It is her leap of imagination into the possibilities of computing that makes Ada Byron a genius matching – or even surpassing – both Babbage and her father, who were both great minds, but anchored relatively to their times. Yet both Lord Byron and Charles Babbage, since dubbed the “Father of the Computer”, survive in history and popular culture as mainstream examples of “genius”, while Ada Byron’s name is largely forgotten. Instances of female geniuses are few and far between, as stories of their achievements like that of Ada or Emmy Noether, are neglected by a patriarchal gaze at historiography.
An insight into this time can be gauged even from Babbage’s praise of “masculine intellects” with whom Ada, a female, could hope to match wits. Not just he, but also Augustus De-Morgan of De-Morgan’s Law fame in the philosophical field of logic, who was Ada’s tutor in mathematics for a long time, described Ada as gifted at these “masculine” fields of mathematics and science, but whose “masculine” rigour were sure to tire her feminine sensitivities long-term.
Needless to say, Ada’s obscurity is a direct consequence of her gender in an era where female talents tended to be neglected or forgotten. The Queen’s Gambit’s Beth Harmon is an example of “unstable female genius” and the roadblocks in their way in fiction, but Ada was the archetype. She took a flair for romance and affairs from her father, besides his predilection for gambling. She was the centerstage of gossip in Victorian England, famous for its prudishness and its patriarchy, and despite this she managed to dance well and charm courtiers just as well as her father could.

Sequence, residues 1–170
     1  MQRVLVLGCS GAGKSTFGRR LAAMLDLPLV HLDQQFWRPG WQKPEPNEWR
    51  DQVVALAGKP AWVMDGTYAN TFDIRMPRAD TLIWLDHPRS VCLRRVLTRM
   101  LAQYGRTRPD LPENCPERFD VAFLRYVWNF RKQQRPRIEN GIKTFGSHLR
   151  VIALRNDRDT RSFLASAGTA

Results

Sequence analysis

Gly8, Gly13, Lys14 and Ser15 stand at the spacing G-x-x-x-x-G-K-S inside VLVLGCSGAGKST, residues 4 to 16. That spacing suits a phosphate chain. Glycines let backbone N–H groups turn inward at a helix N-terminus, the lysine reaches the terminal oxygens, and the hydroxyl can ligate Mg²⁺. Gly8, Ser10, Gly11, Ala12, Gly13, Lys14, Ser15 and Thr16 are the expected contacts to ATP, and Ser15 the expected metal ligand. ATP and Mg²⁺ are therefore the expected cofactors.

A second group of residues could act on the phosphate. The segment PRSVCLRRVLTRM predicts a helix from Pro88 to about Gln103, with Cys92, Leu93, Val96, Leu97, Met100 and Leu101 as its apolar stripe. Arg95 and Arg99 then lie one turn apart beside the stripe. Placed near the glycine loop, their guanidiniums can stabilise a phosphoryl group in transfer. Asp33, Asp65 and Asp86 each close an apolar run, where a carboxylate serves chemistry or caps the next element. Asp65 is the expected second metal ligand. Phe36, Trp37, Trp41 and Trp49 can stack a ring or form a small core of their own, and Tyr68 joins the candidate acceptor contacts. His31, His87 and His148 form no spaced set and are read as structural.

The only place where Ada felt the need to hide was with her studies. As a result, she had to hide her purchase of books and instruments in science. Her later dispute with Babbage too, by some accounts, was to do with her gender and its perceived inferiority where the “manly” fields were concerned. Babbage was a gifted mathematician, but he could not secure funding, in modern parlance, for the monstrous machines these analytical engines were supposed to be at the time. Ada, ever the social charmer, offered to step in for Babbage for this purpose, and he refused.
Since then, in the many talks and lectures Babbage gave after Ada suddenly fell ill and was unable to continue with her work because of ill health and gambling debts, he hardly spoke of her vision for his engine. As a result, her work was lost for nearly a hundred years before being rediscovered by Alan Turing, the modern father of computers. It was Turing who wrote about Ada’s works in translating Menabrea’s work, bringing word of her genius back from the past.
Centuries after her death, the debate about female under-representation in STEM fields still rages on. Explanation to this day smack of “masculine intellects” being better at these pursuits. One can only imagine the impact Ada’s real story can have on coming generations of programmers, especially from those in her own mould.